Merging Rodent Muscles with Robotic Controls
Some might call it a Frankenstein combination. National Geographic writer Sarah Gibbens recently reported a story on the merging of mice and men, in a sense, from a lab in Tokyo.
As if the line between human and machine wasn’t already blurry enough, researchers in Tokyo have developed a new method for using living rat muscle tissue to assist in creating robotics. The “biohybrid” design, described in the journal Science Robotics, simulates the look and movements of a human finger. Video shows how it bends at the joint, picks up a loop and places it down. It’s a seemingly simple movement but one that researchers say lays the groundwork for more advanced—and even more lifelike—robots. (Such as Sophia, the robot that looks human-like.)
“If we can combine more of these muscles into a single device, we should be able to reproduce the complex muscular interplay that allows hands, arms, and other parts of the body to function,” says study author Shoji Takeuchi, a mechanical engineer at the University of Tokyo. “Although this is just a preliminary result, our approach might be a great step toward the construction of a more complex biohybrid system.”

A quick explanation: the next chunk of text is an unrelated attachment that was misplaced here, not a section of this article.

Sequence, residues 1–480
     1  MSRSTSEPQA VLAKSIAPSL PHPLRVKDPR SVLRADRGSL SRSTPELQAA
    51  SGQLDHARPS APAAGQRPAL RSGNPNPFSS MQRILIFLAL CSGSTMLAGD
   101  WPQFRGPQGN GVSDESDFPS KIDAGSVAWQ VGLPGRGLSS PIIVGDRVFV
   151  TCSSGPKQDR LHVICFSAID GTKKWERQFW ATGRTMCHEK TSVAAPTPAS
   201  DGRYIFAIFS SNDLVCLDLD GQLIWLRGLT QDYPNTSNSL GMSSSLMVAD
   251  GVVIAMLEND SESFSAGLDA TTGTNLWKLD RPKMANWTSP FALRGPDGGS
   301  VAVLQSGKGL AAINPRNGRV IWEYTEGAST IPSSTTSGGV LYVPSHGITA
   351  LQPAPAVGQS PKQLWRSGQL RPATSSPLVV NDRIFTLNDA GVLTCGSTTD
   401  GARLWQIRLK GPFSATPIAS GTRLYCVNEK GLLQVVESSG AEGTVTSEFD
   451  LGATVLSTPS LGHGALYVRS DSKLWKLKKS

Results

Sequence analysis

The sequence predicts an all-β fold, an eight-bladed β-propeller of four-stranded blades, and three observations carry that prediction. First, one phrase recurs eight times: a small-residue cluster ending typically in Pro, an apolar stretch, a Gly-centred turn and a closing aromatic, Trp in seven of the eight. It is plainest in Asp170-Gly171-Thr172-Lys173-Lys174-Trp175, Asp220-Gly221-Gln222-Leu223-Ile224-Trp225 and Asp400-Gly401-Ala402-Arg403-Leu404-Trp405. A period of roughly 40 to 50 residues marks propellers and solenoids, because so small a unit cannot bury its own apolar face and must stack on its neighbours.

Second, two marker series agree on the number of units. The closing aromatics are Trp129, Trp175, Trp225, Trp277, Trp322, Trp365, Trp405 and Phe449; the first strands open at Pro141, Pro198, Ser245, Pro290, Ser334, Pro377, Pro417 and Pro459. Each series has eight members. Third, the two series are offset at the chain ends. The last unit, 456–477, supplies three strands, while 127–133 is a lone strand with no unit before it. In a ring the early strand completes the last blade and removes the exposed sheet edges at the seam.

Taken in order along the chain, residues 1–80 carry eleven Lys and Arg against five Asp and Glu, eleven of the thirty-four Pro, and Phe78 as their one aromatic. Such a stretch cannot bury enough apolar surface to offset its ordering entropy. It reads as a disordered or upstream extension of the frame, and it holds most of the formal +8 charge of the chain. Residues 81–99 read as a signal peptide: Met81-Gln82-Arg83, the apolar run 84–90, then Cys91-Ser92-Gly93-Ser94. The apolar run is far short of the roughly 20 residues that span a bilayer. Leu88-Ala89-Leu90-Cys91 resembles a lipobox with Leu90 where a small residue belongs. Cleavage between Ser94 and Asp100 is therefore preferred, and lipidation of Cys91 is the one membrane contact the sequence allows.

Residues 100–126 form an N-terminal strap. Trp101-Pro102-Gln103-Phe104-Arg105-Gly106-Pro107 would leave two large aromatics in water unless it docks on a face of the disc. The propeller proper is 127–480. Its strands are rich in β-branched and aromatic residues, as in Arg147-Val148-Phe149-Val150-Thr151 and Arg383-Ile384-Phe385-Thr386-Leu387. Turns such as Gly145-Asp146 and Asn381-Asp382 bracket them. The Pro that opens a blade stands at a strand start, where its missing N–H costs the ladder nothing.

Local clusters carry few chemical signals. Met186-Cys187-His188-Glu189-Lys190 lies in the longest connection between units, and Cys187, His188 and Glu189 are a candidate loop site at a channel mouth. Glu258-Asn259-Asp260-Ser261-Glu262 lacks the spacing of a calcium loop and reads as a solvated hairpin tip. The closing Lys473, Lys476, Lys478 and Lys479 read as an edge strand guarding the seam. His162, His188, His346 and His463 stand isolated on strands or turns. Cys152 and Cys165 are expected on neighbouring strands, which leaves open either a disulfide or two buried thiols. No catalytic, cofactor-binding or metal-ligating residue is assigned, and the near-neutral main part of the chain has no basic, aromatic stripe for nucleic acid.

The research team decided to use living muscle tissue because plastic and metal limited the movement and flexibility of their robot. To grow its muscles, they layered hydrogel sheets filled with myoblasts—rat muscle cells—on a robotic skeleton. The muscle was then stimulated with an electric current that forces it to contract.
It’s an efficient use of technology and medicine involving growing the parts, then attaching to them to other manufactured parts.
read more at news.nationalgeographic.com